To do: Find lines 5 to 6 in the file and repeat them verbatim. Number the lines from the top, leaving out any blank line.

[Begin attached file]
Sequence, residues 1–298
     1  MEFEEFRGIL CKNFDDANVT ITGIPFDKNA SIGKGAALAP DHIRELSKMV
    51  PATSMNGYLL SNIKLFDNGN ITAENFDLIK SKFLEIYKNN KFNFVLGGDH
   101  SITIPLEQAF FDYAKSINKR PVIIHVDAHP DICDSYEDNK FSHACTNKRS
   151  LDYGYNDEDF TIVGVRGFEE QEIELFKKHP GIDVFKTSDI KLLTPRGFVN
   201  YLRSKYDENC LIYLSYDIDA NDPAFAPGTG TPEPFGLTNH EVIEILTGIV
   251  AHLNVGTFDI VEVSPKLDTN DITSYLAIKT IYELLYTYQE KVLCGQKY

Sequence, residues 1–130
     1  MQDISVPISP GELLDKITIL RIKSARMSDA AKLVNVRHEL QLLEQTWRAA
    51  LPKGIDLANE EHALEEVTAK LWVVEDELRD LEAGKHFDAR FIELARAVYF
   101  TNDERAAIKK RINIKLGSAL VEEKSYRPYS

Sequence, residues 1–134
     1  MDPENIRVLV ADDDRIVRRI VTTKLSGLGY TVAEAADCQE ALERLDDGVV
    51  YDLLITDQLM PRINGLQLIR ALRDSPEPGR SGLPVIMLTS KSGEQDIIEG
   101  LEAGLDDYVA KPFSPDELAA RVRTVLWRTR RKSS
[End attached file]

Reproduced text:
   151  LDYGYNDEDF TIVGVRGFEE QEIELFKKHP GIDVFKTSDI KLLTPRGFVN
   201  YLRSKYDENC LIYLSYDIDA NDPAFAPGTG TPEPFGLTNH EVIEILTGIV